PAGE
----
Port Elizabeth – President Cyril Ramaphosa and Chinese President Xi Jinping hailed the opening of a BAIC auto manufacturing plant in Port Elizabeth’s Coega industrial development zone as a milestone for the two countries' economies - with Xi expressing the hope that there would be "more and more cooperation" between SA and China.
Chinese automaker BAIC will be starting full-scale production of its compact Sports Utility Vehicle in the fourth quarter of 2018, linked to an investment deal that was signed in 2015.
The BAIC joint venture was a confirmation of the real working partnership between the People's Republic of China and South Africa, Ramaphosa said.
"Today we have a factory producing wonderful goods. The whole of Africa is now open for BAIC to export these vehicles produced in Coega," said Ramaphosa.
President Xi said China was now the biggest auto producer in the world, and wanted to bring these vehicles to the rest of the world.
"Africa will enjoy rapid economic development, and China is ready to cooperate, especially in manufacturing.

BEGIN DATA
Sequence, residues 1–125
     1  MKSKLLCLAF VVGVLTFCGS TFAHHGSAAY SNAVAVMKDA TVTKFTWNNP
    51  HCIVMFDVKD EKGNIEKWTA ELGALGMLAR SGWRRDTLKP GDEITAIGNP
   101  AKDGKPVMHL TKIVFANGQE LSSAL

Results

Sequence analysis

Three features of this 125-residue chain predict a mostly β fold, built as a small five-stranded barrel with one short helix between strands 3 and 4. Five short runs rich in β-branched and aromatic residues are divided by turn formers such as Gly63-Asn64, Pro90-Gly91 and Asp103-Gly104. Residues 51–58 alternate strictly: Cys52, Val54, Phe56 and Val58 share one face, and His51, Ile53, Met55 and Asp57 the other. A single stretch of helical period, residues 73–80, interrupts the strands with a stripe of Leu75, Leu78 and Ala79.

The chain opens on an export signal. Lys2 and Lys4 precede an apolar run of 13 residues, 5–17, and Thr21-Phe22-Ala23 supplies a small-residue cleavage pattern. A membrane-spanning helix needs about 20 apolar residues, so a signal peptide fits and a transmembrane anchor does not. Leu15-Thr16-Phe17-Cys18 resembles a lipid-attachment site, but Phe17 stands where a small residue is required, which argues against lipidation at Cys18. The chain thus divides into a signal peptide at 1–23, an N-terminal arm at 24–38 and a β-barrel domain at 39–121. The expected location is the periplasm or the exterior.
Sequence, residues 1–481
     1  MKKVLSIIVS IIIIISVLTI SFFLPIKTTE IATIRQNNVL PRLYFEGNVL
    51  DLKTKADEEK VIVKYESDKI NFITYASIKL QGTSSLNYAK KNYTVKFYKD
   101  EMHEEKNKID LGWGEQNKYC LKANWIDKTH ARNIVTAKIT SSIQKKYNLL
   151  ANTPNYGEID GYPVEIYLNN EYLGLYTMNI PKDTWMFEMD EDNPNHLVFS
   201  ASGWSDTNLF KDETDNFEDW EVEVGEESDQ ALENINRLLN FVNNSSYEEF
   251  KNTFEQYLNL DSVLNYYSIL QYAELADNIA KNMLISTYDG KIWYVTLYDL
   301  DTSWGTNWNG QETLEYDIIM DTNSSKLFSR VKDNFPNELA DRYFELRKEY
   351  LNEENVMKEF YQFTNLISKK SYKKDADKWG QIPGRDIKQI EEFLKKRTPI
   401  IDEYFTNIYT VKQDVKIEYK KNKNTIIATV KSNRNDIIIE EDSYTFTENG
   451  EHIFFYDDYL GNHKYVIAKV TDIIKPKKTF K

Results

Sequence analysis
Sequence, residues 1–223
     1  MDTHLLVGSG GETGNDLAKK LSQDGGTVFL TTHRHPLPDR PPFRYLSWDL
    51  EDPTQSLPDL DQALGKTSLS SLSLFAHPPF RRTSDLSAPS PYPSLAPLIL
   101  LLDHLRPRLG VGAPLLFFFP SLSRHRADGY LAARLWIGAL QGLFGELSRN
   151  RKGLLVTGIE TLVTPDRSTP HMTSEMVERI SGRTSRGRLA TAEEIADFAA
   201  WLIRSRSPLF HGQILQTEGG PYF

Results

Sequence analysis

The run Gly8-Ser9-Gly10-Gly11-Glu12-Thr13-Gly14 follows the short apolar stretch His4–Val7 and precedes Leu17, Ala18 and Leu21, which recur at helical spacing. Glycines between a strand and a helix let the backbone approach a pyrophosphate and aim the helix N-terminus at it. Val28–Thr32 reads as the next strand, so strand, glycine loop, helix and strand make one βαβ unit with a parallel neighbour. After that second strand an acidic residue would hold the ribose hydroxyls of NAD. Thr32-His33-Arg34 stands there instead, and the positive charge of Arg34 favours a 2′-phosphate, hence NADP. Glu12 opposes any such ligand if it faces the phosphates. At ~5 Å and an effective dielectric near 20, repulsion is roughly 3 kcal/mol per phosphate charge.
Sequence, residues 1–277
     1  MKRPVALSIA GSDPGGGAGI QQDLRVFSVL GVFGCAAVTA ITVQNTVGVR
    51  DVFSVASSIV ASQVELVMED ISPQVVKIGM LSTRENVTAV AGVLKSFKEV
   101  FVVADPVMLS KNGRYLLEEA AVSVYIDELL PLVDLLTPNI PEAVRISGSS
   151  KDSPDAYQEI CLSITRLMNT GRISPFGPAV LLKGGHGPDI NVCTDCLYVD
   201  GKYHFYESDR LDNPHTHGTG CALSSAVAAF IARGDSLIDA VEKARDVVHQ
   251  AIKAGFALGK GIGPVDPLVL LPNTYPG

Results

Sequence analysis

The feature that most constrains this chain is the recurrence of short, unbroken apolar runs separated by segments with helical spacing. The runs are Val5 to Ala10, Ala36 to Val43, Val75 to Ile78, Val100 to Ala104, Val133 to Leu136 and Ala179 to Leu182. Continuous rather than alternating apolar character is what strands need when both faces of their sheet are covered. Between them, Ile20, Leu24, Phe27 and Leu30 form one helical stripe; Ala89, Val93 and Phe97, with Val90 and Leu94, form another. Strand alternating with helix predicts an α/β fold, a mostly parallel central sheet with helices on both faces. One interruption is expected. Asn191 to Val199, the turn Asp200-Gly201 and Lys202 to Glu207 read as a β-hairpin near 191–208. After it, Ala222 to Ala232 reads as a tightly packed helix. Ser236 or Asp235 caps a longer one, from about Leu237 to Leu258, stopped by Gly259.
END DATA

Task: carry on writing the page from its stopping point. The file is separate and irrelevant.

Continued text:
"I hope in future there will be more and more cooperation between SA and China," said President Xi.
The completion of the R2bn first phase of the larger investment, unveiled at an event in Port Elizabeth on Tuesday, includes an automobile assembly plant located in SA’s vehicle manufacturing hub of the Eastern Cape town.
The plant is located in the Coega Special Economic Zone and will employ 120 people by the end of the year.
BAIC said in a statement that the first phase of its SA plant comprised a 4 200 m² office block, an assembly and body shop of 42 000 m², and robotic equipment.
Construction is set to commence shortly on the 21 000 m² paint shop, scheduled for completion by the end of 2019.
The BAIC Group is a Chinese holding company that includes numerous auto manufacturers.
Xu Heyi, chairperson of BAIC Group, said in a statement on Tuesday that BAIC’s SA investment "advances both countries and is testimony to this week’s Brics Summit theme, which centres on inclusive growth and shared prosperity in the 4th Industrial Revolution".
Geoffrey Qhena, head of the Industrial Development Corporation, said the investment would create positive spinoffs, such as "additional investments and job creation from the numerous local and foreign components manufactured in the supply chain."
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